In this article we will discuss about messaging standards that can be used to decouple sender and receiver of messages by means of a Messaging Broker. In this first article we will focus on the differences between JMS and AMQP.

Most of Java EE developers know that JMS is a the standard Java API for communicating with Message Oriented Middleware (MOM). As a matter of fact, JMS is a part of the Java JEE, and allows two different Java applications to communicate; those applications could be using JMS clients and yet still be able to communicate, yet kept being decoupled. It's considered to be robust and mature.

Since JMS is part of Java EE, it is typically used when both client and servers are running in a JVM. What if client and server are using a different language or platform ?

A common solution is to switch to a different protocol, such as AMQP (which stands for 'Advanced Message Queuing Protocol'). AMQP is an open standard application layer protocol for delivering messages. It can go P-2-P (One-2-One), publish/subscribe, and some more, in a manner of reliability and secured way.

At a bird eye's view are the main features of AMQP:

  • Platform independent wire level messaging protocol
  • Consumer driven messaging
  • Interoperable across multiple languages and platforms
  • It is the wire level protocol
  • Can achieve high performance
  • Supports long lived messaging
  • Supports classic message queues, round-robin, store and forward
  • Supports transactions (across message queues) and distributed transactions (XA, X/Open, MS DTC)
  • Has support for SASL and TLS
  • Allows to control the message flow with Meta-data

So the main difference with JMS (which is a Java EE specification and API) is that AMQP is just a binary wire protocol which was designed for interoperability between different vendors and platforms. As long it's AMQP complaint, changes at the broker level are not needed.

In other words, you can use a pure Java JMS client to communicate with the AMQP protocol if the messaging server supports it.

Let's see a practical example of it. One of the messaging server which supports AMQP is Apache Artemis MQ (and its predecessor ActiveMQ). You can build a sample JMS client/server application featuring the AMQP protocol, just by specifying it in the org.apache.qpid.jms.JmsConnectionFactory Constructor:

package org.apache.activemq.artemis.jms.example;

import javax.jms.Connection;
import javax.jms.ConnectionFactory;
import javax.jms.MessageConsumer;
import javax.jms.MessageProducer;
import javax.jms.Queue;
import javax.jms.Session;
import javax.jms.TextMessage;

import org.apache.qpid.jms.JmsConnectionFactory;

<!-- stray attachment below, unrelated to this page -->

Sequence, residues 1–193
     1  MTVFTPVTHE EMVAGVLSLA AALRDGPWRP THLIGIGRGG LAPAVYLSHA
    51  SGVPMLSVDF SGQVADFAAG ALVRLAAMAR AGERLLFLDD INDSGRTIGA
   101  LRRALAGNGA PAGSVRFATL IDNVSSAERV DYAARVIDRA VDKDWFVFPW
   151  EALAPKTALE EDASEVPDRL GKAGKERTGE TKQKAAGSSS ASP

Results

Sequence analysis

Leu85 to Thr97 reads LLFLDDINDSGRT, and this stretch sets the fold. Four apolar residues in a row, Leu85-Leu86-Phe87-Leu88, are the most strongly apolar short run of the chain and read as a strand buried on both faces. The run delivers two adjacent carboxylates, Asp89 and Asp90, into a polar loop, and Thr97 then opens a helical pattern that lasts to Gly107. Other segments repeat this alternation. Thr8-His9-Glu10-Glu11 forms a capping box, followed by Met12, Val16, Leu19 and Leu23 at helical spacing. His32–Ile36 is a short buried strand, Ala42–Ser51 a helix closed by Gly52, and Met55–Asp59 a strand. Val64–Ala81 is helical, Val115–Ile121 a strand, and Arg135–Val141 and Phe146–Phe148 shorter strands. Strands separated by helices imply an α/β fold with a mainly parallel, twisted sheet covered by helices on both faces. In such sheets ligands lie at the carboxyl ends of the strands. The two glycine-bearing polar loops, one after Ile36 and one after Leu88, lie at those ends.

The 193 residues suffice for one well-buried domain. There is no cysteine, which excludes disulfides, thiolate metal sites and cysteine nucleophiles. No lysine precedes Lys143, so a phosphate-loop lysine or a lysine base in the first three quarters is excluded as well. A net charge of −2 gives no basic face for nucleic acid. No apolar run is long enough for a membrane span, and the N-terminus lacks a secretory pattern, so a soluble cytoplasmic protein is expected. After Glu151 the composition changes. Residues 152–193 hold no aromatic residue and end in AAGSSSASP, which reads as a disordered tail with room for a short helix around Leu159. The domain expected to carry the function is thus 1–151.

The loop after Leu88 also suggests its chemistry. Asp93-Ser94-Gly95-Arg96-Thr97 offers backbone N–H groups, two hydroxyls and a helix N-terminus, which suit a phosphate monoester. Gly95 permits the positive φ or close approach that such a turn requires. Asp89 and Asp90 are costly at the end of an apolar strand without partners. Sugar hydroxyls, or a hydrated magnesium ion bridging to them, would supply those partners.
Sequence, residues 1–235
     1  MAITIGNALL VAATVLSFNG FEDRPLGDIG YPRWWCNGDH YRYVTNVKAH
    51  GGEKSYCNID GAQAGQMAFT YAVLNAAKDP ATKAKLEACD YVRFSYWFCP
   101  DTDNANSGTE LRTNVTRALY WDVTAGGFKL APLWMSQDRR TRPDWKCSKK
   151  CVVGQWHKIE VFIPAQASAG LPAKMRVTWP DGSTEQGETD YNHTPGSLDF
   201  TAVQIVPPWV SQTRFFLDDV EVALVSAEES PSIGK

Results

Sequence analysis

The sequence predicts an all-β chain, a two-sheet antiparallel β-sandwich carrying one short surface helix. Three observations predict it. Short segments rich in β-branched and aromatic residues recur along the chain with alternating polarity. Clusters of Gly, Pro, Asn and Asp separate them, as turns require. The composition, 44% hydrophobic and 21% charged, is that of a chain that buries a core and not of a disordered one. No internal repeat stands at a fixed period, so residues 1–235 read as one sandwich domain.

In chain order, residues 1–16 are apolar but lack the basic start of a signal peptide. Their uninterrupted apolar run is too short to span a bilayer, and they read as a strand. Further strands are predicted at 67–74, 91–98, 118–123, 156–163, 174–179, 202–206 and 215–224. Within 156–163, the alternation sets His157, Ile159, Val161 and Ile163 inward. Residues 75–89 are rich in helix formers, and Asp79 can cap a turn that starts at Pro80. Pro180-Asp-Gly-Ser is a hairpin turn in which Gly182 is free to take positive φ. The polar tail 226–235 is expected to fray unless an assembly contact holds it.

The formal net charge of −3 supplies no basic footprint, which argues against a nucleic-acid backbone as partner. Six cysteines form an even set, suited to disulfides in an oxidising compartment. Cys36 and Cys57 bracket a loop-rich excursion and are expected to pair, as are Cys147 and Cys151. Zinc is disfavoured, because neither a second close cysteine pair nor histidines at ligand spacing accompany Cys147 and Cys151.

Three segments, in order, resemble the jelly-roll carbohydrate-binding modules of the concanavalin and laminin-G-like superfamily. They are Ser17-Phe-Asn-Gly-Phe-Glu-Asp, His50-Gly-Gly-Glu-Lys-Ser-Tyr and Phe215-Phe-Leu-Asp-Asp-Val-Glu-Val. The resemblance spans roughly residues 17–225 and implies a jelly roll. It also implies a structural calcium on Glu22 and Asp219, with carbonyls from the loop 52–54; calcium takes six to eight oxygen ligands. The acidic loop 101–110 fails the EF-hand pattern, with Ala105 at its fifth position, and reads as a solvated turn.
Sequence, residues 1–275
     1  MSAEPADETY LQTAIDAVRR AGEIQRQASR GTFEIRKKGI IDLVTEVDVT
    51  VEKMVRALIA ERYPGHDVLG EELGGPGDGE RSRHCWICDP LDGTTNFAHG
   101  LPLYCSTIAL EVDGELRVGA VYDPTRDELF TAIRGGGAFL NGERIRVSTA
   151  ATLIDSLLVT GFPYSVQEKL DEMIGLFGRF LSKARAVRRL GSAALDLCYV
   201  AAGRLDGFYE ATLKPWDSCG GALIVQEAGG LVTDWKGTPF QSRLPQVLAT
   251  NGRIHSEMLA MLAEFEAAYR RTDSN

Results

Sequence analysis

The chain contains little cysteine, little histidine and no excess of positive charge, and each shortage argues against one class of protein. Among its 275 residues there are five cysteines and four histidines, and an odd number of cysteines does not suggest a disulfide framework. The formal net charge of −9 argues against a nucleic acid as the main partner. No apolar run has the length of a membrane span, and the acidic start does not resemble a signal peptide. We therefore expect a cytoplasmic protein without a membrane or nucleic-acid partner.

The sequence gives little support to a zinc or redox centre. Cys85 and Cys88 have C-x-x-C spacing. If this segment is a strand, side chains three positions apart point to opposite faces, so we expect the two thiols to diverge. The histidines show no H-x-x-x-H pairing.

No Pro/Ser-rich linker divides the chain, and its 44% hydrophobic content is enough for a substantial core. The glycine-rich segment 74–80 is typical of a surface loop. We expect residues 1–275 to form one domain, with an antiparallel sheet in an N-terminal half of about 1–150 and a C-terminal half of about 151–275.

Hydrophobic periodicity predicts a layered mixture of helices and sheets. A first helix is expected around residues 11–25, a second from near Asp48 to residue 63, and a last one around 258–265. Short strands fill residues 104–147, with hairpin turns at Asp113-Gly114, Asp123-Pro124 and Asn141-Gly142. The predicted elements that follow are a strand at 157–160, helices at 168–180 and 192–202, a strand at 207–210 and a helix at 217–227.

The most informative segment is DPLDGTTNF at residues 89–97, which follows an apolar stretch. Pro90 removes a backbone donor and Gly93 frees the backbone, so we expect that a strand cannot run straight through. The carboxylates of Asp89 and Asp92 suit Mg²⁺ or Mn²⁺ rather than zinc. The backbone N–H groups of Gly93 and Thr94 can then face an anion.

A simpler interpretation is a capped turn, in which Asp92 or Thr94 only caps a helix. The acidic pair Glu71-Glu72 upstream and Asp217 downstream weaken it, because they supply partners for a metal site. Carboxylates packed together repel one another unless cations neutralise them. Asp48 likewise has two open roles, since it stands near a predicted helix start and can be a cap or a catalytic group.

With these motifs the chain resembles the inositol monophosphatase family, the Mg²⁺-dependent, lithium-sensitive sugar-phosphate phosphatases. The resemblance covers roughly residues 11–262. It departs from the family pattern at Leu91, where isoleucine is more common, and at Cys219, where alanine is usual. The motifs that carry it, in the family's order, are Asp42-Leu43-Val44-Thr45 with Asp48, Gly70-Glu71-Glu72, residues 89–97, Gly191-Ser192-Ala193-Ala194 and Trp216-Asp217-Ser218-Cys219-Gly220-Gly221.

public class AMQPQueueExample {

   public static void main(String[] args) throws Exception {
      Connection connection = null;
      ConnectionFactory connectionFactory = new JmsConnectionFactory("amqp://localhost:5672");

      try {

         // Step 1. Create an amqp qpid 1.0 connection
         connection = connectionFactory.createConnection();

         // Step 2. Create a session
         Session session = connection.createSession(false, Session.AUTO_ACKNOWLEDGE);

         // Step 3. Create a sender
         Queue queue = session.createQueue("jms.queue.exampleQueue");
         MessageProducer sender = session.createProducer(queue);

         // Step 4. send a few simple message
         sender.send(session.createTextMessage("Hello world "));


         // Step 5. create a moving receiver, this means the message will be removed from the queue
         MessageConsumer consumer = session.createConsumer(queue);

         // Step 7. receive the simple message
         TextMessage m = (TextMessage) consumer.receive(5000);
         System.out.println("message = " + m.getText());

      finally {
         if (connection != null) {
            // Step 9. close the connection

This will require in your ArtemisMQ configuration, an acceptor for the AMQP protocol.

    <acceptor name="AMQP-acceptor">tcp://localhost:5672?protocols=AMQP;</acceptor>

Let's take the case where a Ruby client wants to send a message to an AMQP broker, or viceversa. Or vice versa. Ruby client can't talk JMS, so we need a message broker that can bridge the two platforms, Java and Ruby.

As AMQP provides a standard messaging protocol that stands across all platforms it doesn't matter which AMQP client is used. In the following example, taken from ArtemisMQ examples ( a Ruby client using the Proton library sends a message to the testQueue running on the ArtemisMQ server:

require 'qpid_proton'

address = ""

messenger =

msg =
msg.address = address
msg.subject = "The time is #{}"
msg.body = "Hello world!"
msg.correlation_id = "554545"

rescue Qpid::Proton::ProtonError => error
    puts "ERROR: #{error.message}"

rescue Qpid::Proton::ProtonError => error
    puts "ERROR: #{error.message}"
    puts error.backtrace.join("\n")

puts "SENT: " + msg.body


That's all. In the next tutorial of this series, we will see another messaging connectivity protocol called called MQTT which is gaining popularity.